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MOVIE REVIEW

'Poster Boy' has to contend with flimsy material

Henry Kray has built his entire life around a mission of being invisible. As a closeted homosexual with an abusive, spotlight-hugging, right-wing politician for a father, the young lead character of ``Poster Boy" has learned to tolerate all and pledge allegiance to none.

So the first question asked by Zak Tucker's 2004 directorial debut is: Can you be a poster boy if you don't actually stand for anything? The second question is: Who cares about the answer to the first question if your film is scattered and preachy?

As scripted by Lecia Rosenthal and Ryan Shiraki, ``Poster Boy" is an overwrought story of American politics and image-making that really only gets interesting in the final act. The tale, which doesn't benefit one bit from unfolding in suspense-free flashback, builds on Henry's incredibly dysfunctional relationship with his parents -- the bullying Senator Jack Kray (solid character actor Michael Lerner) and a magnolia-scented trophy wife expertly played by Karen Allen.

As Henry, Matt Newton struggles to make viewers care that something scandalous has already happened when the film begins. In a smoke-filled interview that runs the length of the movie, Newton's college-age protagonist spills everything to a hard-nosed newspaper reporter (Steve Sheffler) -- a narrative device that's every bit as contrived and predictable as it sounds. In flashback you see the clueless homophobic senator order his gay son to publicly back his reelection campaign, and you also see what happens when Henry finally rejects acting the part of poster child for phony American family values he doesn't even believe in.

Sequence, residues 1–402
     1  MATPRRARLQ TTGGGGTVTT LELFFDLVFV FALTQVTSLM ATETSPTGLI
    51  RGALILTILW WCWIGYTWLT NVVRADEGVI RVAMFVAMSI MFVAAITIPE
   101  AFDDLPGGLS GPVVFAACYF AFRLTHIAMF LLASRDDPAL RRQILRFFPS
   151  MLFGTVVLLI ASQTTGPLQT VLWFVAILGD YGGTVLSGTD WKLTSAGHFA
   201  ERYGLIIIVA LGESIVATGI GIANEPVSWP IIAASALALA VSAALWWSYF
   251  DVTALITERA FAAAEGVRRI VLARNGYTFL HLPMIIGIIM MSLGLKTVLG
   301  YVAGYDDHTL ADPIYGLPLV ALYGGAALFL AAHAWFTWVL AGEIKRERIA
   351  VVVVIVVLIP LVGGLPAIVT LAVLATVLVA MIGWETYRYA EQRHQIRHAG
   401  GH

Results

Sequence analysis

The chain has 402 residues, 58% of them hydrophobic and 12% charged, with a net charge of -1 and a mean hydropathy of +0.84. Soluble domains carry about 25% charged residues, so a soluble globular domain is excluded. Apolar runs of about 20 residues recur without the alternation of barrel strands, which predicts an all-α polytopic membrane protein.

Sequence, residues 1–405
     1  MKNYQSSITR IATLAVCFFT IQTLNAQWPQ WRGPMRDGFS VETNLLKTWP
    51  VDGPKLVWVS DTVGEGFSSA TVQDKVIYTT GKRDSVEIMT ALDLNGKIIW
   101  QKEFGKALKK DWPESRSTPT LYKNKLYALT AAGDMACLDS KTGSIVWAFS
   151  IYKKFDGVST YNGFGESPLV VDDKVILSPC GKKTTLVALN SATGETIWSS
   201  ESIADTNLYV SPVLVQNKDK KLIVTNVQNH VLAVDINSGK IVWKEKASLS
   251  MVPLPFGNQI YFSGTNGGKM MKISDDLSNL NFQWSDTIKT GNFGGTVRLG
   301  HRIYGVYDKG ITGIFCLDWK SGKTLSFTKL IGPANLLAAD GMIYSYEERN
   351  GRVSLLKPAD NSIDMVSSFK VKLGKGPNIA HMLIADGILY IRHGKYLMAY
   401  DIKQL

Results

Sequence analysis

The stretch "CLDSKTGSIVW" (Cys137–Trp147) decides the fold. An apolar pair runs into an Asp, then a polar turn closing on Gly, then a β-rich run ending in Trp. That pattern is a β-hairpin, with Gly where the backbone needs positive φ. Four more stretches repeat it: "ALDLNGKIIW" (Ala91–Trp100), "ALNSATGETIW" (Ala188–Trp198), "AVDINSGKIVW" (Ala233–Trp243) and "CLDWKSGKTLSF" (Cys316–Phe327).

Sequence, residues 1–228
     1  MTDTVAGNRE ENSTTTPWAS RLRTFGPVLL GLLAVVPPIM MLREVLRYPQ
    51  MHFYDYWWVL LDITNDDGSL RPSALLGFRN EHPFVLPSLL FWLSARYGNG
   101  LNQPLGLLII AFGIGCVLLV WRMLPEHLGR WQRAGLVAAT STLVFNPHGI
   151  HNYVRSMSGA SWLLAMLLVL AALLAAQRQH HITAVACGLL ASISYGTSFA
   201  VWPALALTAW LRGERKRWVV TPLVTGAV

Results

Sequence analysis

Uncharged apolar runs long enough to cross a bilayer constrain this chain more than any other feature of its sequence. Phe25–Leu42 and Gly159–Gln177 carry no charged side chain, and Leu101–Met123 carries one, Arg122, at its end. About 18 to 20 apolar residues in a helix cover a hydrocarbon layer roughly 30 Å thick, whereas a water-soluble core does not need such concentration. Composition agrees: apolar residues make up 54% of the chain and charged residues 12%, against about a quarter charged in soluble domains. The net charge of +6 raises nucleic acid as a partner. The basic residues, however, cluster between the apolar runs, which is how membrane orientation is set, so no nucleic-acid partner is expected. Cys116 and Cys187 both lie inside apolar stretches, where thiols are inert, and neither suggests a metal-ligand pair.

Newton leads a cast that performs significantly better than the material they've been given. Lynn native Jack Noseworthy is Anthony, a charming gay activist who woos Henry in order to out him, and Valerie Geffner demands attention as Izzie, an HIV-positive bookstore clerk (also Anthony's roommate) whose multiple personalities could each be registered to vote. This is the kind of one-dimensional script where the earnest young Republican aide (Ian Reed Kessler) not only has to be a virgin, but has to be named Skip.

Tucker, who reportedly was elevated from editor to director when Douglas Keeve (``Unzipped") left the production abruptly, might have helped his cause by approaching the film with some humor. Instead, despite occasionally witty dialogue, it's a too-serious affair that confuses displays of technique for creativity and vision. In the end, the whole thing hangs together (or not) so stiffly that you don't buy or connect with any of it.

``Poster Boy" was originally conceived as a project for the late director Herbert Ross (``True Colors"). Maybe that movie wouldn't have been any better. But on paper, at least, it was a more promising contender.

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